VS.

Judge vs. Solicitor

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Judgenoun

A public official whose duty it is to administer the law, especially by presiding over trials and rendering judgments; a justice.

Solicitornoun

One who solicits.

Judgenoun

A person who decides the fate of someone or something that has been called into question.

Solicitornoun

In many common law jurisdictions, a type of lawyer whose traditional role is to offer legal services to clients apart from acting as their advocate in court. A solicitor instructs a barrister to act as an advocate for their client in court, although rights of audience for solicitors vary according to jurisdiction.

Judgenoun

A person officiating at a sports event or similar.

‘At a boxing match, the decision of the judges is final.’;

Solicitornoun

In English Canada and in parts of Australia, a type of lawyer who historically held the same role as above, but whose role has in modern times been merged with that of a barrister.

Judgenoun

A person who evaluates something or forms an opinion.

‘She is a good judge of wine.’; ‘They say he is a poor judge of character considering all the unreliable friends he has made.’;

Solicitornoun

In parts of the U.S., the chief legal officer of a city, town or other jurisdiction.

Judgeverb

(transitive) To sit in judgment on; to pass sentence on.

‘A higher power will judge you after you are dead.’;

Solicitornoun

(North America) A person soliciting sales, especially door to door.

Judgeverb

(intransitive) To sit in judgment, to act as judge.

‘Justices in this country judge without appeal.’;

Solicitornoun

One who solicits.

Judgeverb

(transitive) To form an opinion on.

‘I judge a man’s character by the cut of his suit.’;

Solicitornoun

An attorney or advocate; one who represents another in court; - formerly, in English practice, the professional designation of a person admitted to practice in a court of chancery or equity. See the Note under Attorney.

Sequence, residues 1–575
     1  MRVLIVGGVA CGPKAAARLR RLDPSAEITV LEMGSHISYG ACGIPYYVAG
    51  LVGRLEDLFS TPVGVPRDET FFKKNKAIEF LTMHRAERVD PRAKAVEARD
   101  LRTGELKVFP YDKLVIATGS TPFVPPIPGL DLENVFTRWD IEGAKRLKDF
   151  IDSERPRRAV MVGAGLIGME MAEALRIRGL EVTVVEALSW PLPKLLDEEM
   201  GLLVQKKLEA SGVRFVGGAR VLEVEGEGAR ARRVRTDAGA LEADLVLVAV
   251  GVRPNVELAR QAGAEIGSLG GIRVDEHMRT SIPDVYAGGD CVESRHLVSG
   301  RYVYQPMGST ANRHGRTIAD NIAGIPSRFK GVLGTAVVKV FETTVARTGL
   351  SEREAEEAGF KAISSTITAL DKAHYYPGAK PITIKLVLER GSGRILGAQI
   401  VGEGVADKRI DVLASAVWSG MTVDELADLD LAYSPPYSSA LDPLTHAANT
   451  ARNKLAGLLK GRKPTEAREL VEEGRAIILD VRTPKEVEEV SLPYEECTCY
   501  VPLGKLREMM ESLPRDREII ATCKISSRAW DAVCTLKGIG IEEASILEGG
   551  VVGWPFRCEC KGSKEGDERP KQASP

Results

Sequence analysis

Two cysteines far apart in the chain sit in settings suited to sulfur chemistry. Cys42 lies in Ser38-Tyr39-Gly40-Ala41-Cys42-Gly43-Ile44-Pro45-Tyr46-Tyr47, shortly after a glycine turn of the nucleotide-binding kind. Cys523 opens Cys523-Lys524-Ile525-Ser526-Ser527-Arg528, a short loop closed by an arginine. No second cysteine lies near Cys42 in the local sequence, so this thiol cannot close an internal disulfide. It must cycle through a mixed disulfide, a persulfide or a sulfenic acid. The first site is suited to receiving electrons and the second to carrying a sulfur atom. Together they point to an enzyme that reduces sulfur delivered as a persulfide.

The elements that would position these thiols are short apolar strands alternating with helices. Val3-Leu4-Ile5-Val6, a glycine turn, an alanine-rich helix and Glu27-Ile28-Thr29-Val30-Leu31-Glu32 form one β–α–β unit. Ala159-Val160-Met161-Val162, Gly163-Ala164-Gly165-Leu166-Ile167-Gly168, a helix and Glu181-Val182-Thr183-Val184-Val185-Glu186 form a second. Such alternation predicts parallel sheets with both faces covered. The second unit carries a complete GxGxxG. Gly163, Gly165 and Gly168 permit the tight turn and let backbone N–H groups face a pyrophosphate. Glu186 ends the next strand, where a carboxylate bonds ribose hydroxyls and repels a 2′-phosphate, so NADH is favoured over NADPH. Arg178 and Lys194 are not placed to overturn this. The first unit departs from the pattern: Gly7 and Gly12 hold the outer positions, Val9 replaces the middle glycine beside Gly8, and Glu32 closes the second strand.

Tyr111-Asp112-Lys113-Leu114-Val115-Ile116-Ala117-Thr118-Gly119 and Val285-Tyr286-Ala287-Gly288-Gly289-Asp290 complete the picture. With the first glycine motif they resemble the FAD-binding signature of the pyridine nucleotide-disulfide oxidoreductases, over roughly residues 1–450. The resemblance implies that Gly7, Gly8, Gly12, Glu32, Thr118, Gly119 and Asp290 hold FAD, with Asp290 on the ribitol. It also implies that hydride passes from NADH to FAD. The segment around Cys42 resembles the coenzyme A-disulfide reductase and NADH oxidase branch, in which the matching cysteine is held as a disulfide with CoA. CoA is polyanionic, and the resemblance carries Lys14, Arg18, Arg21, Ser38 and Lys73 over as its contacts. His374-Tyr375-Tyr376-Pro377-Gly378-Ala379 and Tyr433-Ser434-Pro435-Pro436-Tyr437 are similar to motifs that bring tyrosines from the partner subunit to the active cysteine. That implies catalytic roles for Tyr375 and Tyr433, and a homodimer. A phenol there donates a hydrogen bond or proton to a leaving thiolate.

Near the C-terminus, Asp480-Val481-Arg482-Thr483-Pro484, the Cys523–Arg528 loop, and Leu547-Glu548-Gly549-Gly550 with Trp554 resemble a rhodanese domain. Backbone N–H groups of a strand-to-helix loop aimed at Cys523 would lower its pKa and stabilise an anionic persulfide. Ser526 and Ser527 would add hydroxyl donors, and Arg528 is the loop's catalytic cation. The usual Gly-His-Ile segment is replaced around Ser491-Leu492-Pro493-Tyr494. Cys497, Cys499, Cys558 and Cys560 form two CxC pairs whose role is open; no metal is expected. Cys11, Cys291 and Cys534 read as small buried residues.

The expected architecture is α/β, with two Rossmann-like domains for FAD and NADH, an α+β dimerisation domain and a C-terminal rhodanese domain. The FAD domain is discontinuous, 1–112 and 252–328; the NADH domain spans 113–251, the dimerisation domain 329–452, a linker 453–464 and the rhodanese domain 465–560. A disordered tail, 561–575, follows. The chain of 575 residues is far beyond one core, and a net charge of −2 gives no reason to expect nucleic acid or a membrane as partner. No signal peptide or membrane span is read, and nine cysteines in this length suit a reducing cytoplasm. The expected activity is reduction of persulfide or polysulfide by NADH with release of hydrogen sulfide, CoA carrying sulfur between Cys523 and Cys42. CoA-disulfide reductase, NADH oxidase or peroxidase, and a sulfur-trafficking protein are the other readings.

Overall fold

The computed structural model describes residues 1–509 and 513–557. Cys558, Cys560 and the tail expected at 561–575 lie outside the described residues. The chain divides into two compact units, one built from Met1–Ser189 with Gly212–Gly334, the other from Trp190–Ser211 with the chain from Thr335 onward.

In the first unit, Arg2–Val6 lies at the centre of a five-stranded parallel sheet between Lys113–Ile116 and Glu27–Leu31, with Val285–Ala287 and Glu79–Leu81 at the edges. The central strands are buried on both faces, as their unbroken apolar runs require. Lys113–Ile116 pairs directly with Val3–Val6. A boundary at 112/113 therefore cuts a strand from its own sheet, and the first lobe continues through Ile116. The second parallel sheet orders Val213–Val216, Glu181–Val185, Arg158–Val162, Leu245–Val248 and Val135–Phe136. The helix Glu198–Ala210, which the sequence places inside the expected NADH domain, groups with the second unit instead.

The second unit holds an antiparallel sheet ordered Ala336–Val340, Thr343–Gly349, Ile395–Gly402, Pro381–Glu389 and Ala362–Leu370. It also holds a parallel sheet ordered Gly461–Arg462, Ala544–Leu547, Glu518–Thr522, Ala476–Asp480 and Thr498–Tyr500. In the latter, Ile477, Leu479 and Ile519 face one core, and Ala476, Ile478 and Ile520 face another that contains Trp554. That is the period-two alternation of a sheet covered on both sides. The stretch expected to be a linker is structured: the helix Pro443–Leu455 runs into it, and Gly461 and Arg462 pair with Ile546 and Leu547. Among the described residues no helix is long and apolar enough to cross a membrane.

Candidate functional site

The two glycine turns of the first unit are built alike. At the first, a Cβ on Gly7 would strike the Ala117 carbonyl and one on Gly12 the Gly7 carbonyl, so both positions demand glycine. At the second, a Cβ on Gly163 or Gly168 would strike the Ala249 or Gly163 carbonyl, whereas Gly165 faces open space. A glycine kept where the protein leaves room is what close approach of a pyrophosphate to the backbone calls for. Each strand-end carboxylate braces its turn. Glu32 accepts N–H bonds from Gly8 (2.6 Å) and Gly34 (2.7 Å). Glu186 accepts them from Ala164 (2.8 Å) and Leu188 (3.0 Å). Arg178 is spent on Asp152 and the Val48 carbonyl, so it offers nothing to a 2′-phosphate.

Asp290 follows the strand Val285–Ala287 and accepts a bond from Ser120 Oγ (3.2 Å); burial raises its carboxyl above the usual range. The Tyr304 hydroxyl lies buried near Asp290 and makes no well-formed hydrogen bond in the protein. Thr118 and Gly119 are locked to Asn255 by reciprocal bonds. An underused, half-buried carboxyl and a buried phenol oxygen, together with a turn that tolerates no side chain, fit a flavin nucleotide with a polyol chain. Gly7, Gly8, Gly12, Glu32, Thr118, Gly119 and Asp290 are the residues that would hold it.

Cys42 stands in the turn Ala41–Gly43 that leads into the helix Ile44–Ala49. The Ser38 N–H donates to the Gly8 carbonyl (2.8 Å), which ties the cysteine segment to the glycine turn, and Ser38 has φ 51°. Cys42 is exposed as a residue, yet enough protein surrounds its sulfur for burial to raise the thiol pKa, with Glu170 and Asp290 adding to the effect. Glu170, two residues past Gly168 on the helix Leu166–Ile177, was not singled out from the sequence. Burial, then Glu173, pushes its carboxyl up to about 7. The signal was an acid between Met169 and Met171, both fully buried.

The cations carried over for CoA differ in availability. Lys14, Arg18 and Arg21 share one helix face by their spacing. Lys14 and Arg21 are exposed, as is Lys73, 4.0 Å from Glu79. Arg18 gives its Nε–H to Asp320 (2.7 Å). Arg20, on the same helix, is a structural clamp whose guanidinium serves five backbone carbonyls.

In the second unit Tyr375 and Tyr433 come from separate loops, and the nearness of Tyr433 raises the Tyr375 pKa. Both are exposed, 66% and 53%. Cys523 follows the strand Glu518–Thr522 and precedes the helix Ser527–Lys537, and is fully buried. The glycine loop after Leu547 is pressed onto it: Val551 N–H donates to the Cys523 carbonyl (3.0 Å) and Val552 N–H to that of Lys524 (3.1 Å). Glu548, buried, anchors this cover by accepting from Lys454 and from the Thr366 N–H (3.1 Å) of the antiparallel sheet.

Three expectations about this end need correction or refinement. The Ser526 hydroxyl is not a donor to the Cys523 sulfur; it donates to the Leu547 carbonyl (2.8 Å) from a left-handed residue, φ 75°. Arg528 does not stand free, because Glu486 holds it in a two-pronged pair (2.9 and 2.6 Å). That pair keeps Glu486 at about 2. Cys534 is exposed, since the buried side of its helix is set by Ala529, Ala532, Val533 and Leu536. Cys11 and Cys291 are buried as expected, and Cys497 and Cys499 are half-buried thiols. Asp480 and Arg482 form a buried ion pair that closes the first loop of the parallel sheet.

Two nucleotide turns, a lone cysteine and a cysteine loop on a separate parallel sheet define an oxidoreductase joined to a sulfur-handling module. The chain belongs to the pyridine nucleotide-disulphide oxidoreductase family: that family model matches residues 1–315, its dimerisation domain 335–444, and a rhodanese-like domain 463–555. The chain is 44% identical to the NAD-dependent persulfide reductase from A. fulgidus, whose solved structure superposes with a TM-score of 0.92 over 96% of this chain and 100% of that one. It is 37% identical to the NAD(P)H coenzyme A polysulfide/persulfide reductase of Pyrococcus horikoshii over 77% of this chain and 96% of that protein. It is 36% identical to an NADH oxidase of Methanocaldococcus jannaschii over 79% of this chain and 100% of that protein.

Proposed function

Judgeverb

(intransitive) To arbitrate; to pass opinion on something, especially to settle a dispute etc.

‘We cannot both be right: you must judge between us.’;

Solicitornoun

a petitioner who solicits contributions or trade or votes

Judgeverb

(transitive) To have as an opinion; to consider, suppose.

‘I judge it safe to leave the house once again.’;

Solicitornoun

a British lawyer who gives legal advice and prepares legal documents

Judgeverb

(intransitive) To form an opinion; to infer.

‘I judge from the sky that it might rain later.’;

Solicitornoun

a member of the legal profession qualified to deal with conveyancing, the drawing up of wills, and other legal matters. A solicitor may also instruct barristers and represent clients in some courts.

Judgeverb

(ambitransitive) To criticize or label another person or thing.

Solicitornoun

the chief law officer of a city, town, or government department.

Judgenoun

A public officer who is invested with authority to hear and determine litigated causes, and to administer justice between parties in courts held for that purpose.

‘The parts of a judge in hearing are four: to direct the evidence; to moderate length, repetition, or impertinency of speech; to recapitulate, select, and collate the material points of that which hath been said; and to give the rule or sentence.’;

Solicitornoun

a person who tries to obtain business orders, advertising, etc.; a canvasser